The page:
According to 451 Research’s M&A KnowledgeBase, strategic acquirers have spent $19.6bn so far this year to buy tech assets out of PE portfolios. That’s up from $8bn through May of last year and more than the same period in any year since 2002. The volume of such deals has risen as well, yet soaring valuations play an outsized role.

Among the 10 largest sales of PE-backed companies to strategic acquirers this year, six have traded above 5x trailing revenue. At this point last year, only two such transactions surpassed that mark. Strategic buyers appear willing to pay more than in the past, both in terms of multiple and check size. Take Adobe’s purchase of Magento (a Permira Funds portfolio company) earlier this week. In that deal, the acquirer paid 11x trailing revenue – an organizational record and more than twice the median multiple for an Adobe purchase.

In other cases, infrequent buyers are making remarkable acquisitions. TransUnion, for example, has upped its deal-a-year pace with six purchases in the past 12 months, including the $1.4bn pickup of GTCR’s Callcredit in April – its biggest-ever acquisition. Likewise, healthcare software vendor Inovalon Holdings moved past printing the occasional tuck-in with the $1.2bn acquisition of ABILITY Network from Summit Partners in March.

The trend aligns with the predictions for the PE exit environment in the M&A Leaders’ Survey from 451 Research and Morrison & Foerster. In that April survey, respondents overwhelmingly predicted an increase in PE exits via strategic acquisitions, with eight times as many respondents predicting an increase as those anticipating a decrease. Indeed, more foresaw an uptick in strategic exits than any other avenue we asked about (secondary sales, IPOs, reverse mergers and bankruptcy).

For more real-time information on tech M&A, follow us on Twitter @451TechMnA.

Conga drums up more sales software M&A

Contact: Sheryl Kingstone, Scott Denne

Continuing a streak of consolidation in sales software, Conga, a document and contract management provider, has acquired Octiv. Sales software has seen a spurt of M&A as sales organizations seek technology platforms with more uses – in this case, the digitization of the entire sales cycle.

On the surface, both companies have similar capabilities. Octiv, formerly known as TinderBox, focuses on the upstream aspects of managing content and workflow automation for sales processes such as proposals and quotes, whereas Conga, an Insight Venture Partners portfolio company, concentrates on intelligent automation once the quote or proposal has been agreed upon. Octiv also brings capabilities to measure engagement throughout the sales process. This deal is both a consolidation of the market for customers and a technology enhancement.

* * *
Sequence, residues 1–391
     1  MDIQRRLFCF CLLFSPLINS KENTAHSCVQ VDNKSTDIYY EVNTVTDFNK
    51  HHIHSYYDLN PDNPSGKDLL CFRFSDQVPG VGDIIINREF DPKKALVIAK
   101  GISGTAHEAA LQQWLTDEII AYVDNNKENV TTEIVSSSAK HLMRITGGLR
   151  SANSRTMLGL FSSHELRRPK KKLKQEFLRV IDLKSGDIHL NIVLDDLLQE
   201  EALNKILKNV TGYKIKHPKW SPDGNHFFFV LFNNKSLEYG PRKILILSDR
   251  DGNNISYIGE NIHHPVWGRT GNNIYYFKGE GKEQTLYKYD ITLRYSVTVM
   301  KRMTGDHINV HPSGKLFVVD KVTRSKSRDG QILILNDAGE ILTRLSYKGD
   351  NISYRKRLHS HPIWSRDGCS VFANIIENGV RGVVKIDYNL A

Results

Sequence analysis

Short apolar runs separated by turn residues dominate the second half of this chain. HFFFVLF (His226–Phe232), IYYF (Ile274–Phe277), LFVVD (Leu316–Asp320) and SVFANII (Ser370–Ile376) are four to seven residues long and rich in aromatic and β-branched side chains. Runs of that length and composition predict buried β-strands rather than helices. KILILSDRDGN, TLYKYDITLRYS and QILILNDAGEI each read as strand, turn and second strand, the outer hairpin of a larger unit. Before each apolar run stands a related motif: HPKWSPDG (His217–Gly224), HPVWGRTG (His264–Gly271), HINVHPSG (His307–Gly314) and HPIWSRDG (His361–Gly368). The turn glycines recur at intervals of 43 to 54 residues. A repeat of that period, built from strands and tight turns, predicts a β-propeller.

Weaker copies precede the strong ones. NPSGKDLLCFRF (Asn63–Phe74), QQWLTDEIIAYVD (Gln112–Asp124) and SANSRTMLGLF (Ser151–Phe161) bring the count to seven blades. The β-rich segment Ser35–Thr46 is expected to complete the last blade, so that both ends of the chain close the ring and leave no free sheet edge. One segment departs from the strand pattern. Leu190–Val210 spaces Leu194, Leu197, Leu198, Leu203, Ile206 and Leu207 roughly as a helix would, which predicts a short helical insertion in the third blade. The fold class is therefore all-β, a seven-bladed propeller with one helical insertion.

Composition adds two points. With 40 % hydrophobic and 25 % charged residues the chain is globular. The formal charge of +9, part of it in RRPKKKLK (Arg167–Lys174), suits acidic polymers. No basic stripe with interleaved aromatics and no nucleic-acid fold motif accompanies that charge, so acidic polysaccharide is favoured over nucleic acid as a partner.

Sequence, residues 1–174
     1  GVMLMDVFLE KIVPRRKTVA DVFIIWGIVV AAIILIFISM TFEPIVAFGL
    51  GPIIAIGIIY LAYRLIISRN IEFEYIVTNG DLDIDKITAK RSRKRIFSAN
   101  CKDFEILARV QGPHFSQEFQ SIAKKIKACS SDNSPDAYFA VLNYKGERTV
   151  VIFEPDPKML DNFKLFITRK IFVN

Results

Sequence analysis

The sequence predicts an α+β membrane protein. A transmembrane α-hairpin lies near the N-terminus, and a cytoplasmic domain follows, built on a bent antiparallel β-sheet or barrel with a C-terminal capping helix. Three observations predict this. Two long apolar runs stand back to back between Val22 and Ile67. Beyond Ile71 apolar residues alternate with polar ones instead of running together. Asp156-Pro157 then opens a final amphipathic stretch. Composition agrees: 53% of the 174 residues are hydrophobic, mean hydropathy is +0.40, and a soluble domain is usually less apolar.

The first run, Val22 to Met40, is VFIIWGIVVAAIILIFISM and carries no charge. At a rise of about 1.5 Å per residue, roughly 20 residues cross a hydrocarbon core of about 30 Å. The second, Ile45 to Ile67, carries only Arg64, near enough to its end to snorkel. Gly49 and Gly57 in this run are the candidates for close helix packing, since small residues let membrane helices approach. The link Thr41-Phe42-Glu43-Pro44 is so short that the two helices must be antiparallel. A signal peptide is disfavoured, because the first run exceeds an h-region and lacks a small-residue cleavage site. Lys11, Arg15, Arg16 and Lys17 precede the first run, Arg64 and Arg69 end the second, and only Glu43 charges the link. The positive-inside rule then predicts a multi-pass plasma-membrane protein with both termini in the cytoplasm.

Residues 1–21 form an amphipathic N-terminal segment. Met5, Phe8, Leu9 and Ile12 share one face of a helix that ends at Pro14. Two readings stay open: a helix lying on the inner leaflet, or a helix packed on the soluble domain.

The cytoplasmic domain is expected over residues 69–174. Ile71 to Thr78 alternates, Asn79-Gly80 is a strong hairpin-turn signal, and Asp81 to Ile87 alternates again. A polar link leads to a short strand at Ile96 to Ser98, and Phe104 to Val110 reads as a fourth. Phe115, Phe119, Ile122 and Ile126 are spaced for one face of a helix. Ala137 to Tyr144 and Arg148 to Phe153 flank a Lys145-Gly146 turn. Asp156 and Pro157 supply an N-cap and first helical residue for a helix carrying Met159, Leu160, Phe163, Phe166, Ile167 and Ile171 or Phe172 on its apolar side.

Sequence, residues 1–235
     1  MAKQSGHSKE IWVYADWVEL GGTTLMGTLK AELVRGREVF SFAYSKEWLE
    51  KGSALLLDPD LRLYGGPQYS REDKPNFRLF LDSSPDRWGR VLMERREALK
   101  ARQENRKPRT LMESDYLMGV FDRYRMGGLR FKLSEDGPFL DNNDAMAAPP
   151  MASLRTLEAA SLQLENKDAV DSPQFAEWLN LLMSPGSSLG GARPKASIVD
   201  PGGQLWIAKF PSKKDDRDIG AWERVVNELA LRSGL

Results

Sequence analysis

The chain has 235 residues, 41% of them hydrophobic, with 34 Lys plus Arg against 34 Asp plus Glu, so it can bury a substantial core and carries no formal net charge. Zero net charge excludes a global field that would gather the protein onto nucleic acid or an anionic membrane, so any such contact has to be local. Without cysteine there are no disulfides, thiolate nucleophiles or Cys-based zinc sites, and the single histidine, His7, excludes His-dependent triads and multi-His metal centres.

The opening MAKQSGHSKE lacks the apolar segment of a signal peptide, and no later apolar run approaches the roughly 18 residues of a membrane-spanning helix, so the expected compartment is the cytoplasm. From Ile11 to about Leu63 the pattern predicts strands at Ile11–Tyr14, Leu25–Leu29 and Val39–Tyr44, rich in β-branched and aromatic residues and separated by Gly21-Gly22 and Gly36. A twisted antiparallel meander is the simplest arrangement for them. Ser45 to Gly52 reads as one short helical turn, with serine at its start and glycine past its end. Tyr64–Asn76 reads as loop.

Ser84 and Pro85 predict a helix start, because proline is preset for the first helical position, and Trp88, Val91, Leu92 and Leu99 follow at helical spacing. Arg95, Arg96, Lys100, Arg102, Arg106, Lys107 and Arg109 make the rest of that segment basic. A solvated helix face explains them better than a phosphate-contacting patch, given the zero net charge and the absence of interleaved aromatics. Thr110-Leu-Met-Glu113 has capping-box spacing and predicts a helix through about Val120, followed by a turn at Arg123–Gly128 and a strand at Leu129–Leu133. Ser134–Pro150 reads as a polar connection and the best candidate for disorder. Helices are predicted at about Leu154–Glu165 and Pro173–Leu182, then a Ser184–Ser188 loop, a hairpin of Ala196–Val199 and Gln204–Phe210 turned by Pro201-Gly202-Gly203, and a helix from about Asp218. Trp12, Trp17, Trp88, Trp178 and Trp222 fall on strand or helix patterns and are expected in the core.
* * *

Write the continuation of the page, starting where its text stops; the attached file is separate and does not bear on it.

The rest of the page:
As we previously suggested, the shift to engaging, from merely transactional, sales interactions would spur M&A as sales software vendors seek to expand beyond systems of record and into systems of engagement. According to 451 Research’s M&A KnowledgeBase, many of the early returns on such transactions – including Marketo’s acquisition of ToutApp and Corel’s purchase of ClearSlide – have traded below the amount of venture funding they brought in. (Terms of Octiv’s sale weren’t disclosed so the return on the $20m it raised isn’t clear.)

Despite some modest returns, deals are increasing as the market for more advanced sales software capabilities begins to heat up. In a custom study by 451 Research, 90% of sales managers told us they have some form of investment in sales technology, although most of those are likely nothing more than legacy CRM or sales force automation, neither of which has the functionality to enable sales teams to optimize around the expanding flow of digital signals that are available to inform the sales process, as we outlined in our Sales Technology Platforms Market Map.

Sales organizations are coming to that same conclusion. According to a survey by 451 Research’s Voice of the Connected User Landscape, sales analytics and intelligence, engagement, and content are the most sought-after capabilities, outpacing legacy capabilities like pipeline management and lead generation. More importantly, that survey shows that sales teams are shifting toward advanced intelligent automation across a broader range of processes with the goal of eliminating manual processes. As they do so, more functionality will be consolidated by platforms such as Conga with intelligence at the core of their sales software.